Thursday, October 04, 2007

One positive step had been taken immediately after the Cuban Missile Crisis, when President John F. Kennedy proposed and fought for the Limited Test Ban Treaty, in which the U.S., the Soviet Union and many other nations agreed to stop testing nuclear weapons in the atmosphere and under the sea, and to never test them in outer space. It was the first agreement that slowed down the arms race, and others would come over the years to slowly lessen the danger of global nuclear suicide.

Another positive step was taken forty years ago this October 10, when the Outer Space Treaty was signed in 1967 and since ratified by some 100 countries. It states:“The exploration and use of outer space, including the moon and other celestial bodies, shall be carried out for the benefit and in the interests of all countries, irrespective of their degree of economic or scientific development, and shall be the province of all mankind.” It sounds like it could have come from a Star Trek script.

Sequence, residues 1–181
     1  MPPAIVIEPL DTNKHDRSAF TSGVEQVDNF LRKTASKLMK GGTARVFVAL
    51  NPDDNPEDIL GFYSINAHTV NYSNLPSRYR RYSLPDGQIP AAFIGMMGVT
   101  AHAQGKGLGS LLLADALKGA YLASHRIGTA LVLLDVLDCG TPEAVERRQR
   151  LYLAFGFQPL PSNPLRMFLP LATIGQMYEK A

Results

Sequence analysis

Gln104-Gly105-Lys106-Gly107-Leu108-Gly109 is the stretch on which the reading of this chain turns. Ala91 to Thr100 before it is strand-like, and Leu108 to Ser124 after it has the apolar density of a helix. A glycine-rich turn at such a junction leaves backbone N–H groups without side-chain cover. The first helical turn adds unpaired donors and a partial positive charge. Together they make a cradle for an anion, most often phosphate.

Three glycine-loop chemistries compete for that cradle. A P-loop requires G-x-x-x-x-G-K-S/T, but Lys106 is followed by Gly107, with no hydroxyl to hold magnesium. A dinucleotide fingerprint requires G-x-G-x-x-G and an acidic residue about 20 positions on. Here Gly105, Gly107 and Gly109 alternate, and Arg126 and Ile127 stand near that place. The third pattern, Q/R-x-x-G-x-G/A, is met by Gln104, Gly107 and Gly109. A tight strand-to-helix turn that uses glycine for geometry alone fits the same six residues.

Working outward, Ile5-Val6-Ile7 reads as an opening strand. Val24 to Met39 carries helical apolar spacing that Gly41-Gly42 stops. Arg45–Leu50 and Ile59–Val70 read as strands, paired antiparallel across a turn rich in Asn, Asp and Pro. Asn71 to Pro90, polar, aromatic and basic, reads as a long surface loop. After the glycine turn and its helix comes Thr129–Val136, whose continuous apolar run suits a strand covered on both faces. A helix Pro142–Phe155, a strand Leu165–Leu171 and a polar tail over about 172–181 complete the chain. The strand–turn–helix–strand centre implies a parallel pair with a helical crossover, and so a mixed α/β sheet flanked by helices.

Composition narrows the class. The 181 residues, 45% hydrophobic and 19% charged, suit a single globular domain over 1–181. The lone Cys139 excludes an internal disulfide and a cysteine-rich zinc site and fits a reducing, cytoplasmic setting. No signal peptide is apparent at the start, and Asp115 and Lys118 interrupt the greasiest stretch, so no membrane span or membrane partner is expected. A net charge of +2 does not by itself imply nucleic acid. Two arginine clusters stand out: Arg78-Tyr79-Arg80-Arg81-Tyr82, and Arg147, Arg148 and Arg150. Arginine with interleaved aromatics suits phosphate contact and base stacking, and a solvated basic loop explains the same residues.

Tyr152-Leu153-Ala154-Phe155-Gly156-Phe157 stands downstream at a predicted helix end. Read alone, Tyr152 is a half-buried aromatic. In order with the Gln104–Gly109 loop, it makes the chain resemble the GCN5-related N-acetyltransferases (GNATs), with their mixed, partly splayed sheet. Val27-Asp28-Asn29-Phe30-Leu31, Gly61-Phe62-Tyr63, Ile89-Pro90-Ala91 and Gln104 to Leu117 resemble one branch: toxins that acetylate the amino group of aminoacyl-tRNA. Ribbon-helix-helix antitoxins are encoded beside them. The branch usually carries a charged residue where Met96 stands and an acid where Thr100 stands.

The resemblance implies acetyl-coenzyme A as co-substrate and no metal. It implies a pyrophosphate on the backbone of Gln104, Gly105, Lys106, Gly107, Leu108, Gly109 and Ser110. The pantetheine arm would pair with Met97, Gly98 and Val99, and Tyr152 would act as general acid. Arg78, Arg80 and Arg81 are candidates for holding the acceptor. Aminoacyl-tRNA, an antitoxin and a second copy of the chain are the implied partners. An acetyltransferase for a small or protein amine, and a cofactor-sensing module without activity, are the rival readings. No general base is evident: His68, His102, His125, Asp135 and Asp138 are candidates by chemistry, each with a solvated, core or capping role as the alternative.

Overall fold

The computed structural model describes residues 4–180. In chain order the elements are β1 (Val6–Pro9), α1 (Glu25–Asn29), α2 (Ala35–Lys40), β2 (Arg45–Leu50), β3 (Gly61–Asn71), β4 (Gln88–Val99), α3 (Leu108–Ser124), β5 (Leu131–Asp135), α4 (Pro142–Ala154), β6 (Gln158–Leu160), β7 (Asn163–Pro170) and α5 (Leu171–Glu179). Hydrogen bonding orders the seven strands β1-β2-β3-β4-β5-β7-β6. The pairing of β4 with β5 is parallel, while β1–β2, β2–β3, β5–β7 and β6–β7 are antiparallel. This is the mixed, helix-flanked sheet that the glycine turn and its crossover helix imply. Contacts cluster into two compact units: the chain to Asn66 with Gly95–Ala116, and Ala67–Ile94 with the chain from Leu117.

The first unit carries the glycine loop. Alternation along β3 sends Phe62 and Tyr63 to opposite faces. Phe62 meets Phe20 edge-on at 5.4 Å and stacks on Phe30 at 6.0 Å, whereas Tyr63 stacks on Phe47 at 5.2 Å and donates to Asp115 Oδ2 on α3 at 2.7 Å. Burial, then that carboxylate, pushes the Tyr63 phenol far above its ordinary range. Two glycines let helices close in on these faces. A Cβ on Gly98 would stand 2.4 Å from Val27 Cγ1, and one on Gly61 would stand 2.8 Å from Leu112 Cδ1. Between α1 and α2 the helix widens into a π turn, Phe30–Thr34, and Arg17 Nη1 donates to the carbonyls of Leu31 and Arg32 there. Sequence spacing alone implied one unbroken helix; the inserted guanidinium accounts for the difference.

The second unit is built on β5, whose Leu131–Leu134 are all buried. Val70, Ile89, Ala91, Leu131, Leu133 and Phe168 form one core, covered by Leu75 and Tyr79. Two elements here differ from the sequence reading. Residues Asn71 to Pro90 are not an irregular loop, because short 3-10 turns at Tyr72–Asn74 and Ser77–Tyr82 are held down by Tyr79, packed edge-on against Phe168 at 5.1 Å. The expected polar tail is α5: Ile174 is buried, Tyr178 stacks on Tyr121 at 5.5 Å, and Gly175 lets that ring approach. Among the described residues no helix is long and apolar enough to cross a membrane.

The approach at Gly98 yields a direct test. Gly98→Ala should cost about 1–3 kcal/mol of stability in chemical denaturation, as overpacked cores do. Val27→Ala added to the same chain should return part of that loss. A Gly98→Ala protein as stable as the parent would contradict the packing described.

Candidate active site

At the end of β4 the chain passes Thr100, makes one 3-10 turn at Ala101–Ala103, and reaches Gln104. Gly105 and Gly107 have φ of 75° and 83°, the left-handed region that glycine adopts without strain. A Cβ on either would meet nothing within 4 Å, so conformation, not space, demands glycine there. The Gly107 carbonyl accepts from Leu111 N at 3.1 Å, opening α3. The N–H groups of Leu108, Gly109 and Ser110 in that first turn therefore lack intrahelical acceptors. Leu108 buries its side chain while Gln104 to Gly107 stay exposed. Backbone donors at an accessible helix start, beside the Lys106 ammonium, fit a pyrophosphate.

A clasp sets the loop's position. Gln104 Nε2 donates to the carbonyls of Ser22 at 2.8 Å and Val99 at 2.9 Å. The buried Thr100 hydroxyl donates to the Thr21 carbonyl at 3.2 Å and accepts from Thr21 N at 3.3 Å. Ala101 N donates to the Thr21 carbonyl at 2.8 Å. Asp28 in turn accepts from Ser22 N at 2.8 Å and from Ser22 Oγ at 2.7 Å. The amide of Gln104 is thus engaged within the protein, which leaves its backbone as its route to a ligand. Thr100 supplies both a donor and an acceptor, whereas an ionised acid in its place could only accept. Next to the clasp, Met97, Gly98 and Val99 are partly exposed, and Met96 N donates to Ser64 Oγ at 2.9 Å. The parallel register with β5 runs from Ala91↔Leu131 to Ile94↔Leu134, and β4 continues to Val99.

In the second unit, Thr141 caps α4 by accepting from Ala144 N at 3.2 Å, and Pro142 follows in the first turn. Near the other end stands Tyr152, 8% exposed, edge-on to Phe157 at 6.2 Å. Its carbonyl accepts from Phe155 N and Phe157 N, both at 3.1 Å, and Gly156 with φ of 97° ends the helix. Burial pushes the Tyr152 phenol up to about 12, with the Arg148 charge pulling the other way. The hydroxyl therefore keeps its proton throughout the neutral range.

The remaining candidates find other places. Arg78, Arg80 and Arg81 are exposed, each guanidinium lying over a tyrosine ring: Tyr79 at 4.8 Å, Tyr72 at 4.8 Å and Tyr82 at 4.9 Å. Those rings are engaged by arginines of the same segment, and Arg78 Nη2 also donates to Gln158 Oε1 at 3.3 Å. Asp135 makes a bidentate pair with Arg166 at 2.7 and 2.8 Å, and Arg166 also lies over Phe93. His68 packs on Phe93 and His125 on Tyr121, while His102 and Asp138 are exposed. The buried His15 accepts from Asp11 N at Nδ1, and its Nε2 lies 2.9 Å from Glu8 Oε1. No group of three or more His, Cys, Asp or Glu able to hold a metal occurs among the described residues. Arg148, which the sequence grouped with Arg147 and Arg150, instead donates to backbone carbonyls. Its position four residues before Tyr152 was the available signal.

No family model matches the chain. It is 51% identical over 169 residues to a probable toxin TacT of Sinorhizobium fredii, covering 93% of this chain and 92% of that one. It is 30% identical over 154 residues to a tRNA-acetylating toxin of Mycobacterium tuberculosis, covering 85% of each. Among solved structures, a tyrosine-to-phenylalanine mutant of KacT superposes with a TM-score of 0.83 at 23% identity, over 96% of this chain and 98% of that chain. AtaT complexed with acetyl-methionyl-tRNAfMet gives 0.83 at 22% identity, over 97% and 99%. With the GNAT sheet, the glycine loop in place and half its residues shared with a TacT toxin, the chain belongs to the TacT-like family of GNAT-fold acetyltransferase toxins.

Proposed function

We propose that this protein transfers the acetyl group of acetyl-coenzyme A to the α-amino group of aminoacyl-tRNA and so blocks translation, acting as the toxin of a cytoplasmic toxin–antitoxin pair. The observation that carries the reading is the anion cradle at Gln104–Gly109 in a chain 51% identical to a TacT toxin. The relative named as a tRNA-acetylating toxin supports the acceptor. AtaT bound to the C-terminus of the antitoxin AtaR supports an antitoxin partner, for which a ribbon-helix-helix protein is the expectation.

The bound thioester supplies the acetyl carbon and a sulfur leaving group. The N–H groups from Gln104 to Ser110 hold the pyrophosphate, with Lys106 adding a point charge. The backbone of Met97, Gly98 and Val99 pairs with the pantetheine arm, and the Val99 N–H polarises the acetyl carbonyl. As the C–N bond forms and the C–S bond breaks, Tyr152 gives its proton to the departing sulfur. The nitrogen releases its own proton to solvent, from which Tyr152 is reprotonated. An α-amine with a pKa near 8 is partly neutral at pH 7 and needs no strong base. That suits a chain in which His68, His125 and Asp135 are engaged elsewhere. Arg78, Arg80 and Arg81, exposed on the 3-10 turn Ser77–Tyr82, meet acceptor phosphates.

That treaty is partially responsible for the major role that space plays in our lives today. No, we don't have the manned missions of exploration we expected after Neil Armstrong's giant step. But we have the descendants of Sputnik--the communications and global positioning satellites in orbit that make so much we take for granted possible: like the Internet, cell phones, GPS. These days, the world's business--including its entertainment, information, health care and just about everything else--would stop cold without them.

But some people worry that this could very well happen. That's why some are marking the anniversary of Sputnik in their particular ways.

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